Golfing Tips
Created on:
Monday, November 4, 2019

How to Choose the Right Golf Ball

Did you know that, while similar, not all golf balls are created equally? In fact, there can be some major differences between brands and types, though you may not necessarily be able to tell that by looking at them. When you’re deciding which golf balls to buy, you do need to look at more than just brand and price. Here are some things to consider before you buy your next set of golf balls.

The Parts of a Golf Ball

All of these factors will have you look at how the golf ball is constructed and at its three parts: the core, the cover, and the dimples or little holes on the cover. By changing just one of these three, you may find that your golf game is completely different. The first thing to look at is the construction and compression of the ball’s core.

The Construction of the Ball

If you cut your golf balls in half, what would you see? If you only see one piece, you have a ball that’s generally only used on the driving range. The core is solid and covered in dimples, so there’s not even a cover on it. These balls are very cheap since they don’t have extra layers, but they also don’t tend to go as far as other balls because they aren’t compressed.

Two piece golf balls are much more popular. That’s because they’re more durable and can go good distances. Some of these two-piece balls are designed for one over the other. For example, there are specific two-piece balls designed to get less spin so they go much higher and farther than others. Others, though, are designed for better performance, which means they have more accuracy in addition to distance. Others have more compression, which is good for long distances, but not green shots. There are pros and cons to each type of golf ball, so you would want to try out several options before settling on one.

There are also three, four, and even five piece golf balls. The three piece balls have a core made from solid rubber that is surrounded by liquid rubber, creating a ball with more spin and control on the greens. The four piece balls, on the other hand, are designed for good distance with more spin. A five piece golf ball, which is a fairly new design, tries to be an all-around outstanding ball with optimal performance, but they’re much more expensive.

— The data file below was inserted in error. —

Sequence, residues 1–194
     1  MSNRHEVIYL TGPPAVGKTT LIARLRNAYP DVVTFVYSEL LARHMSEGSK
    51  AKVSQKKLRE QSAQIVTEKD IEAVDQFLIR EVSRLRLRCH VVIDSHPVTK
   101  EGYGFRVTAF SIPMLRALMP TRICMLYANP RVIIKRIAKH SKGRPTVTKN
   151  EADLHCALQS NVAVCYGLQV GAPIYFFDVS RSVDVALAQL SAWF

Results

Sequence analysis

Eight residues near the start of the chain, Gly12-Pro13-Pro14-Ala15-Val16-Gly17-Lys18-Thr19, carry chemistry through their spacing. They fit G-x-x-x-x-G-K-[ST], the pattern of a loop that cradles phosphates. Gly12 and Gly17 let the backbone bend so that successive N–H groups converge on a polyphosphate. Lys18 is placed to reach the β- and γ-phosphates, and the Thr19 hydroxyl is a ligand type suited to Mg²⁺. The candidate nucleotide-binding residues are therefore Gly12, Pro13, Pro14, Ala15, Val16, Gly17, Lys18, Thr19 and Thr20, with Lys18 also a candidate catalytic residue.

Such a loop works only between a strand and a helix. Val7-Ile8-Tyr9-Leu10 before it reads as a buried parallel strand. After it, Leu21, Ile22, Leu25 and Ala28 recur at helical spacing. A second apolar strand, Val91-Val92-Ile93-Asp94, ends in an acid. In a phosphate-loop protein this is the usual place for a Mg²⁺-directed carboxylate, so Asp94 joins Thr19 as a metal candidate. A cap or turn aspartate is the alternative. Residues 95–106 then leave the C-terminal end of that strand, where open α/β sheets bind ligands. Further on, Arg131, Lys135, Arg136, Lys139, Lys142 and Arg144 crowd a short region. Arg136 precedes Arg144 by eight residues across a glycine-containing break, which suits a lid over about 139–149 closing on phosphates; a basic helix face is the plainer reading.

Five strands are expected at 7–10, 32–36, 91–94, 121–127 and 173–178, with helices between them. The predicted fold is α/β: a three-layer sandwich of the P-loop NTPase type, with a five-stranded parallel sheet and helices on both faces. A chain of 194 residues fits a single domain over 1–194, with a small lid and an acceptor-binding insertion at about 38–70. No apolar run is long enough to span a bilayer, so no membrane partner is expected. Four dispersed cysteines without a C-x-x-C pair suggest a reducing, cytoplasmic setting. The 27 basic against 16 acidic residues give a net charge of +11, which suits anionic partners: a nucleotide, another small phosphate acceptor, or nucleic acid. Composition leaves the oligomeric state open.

Compression

A ball’s compression deals with how much the ball compresses when the club hits it. The more compression a golf ball has, the more distance you’ll get. Standard golf balls tend to have a compression of anywhere from 40 to 100, which is a fairly wide range. Balls that fall on the lower end of the scale are softer, and they’re a good option for beginners because they will go farther with slower swings. For those who have golfed for years or are professionals, though, more compressed balls are the better option because they offer better control over distance.

If you have a fast swing but are using low compression balls, you’ll find that they simply don’t give you the distance or control you want. However, if you’re playing during the colder months, you may want to swap out a high compression ball for a lower one. That’s because the cold can make high compression balls harder, making it more difficult to get the performance you want.

The Dimples

The dimples aren’t there simply for show—they provide lift and reduce air drag on the golf ball. The dimples actually create a shell of air around the golf ball, preventing drag and sending the ball much farther. In fact, if the golf ball didn’t have any dimples, it would only go about half the distance.

A standard golf ball can have anywhere from 250 to 500 of these little dimples on it. Most are about 0.10 inches deep, but some are shallower or deeper. Even a tiny change in this depth can change how the ball flies through the air, so it’s important to pay attention to this information when you’re buying golf balls or when you’re trying out a new brand.

Different Brand, Different Focus

Some brands have focused more on creating the perfect golf ball for long distances, while others may have created a brand that’s designed for the green. You want to make certain you know what the balls are designed for and which ones match your particular golfing style. There’s no right or wrong type of golf ball, but there are brands that will work for you and brands that won’t. This means you may need to try out a number of balls before you determine which one matches your unique play style and swing.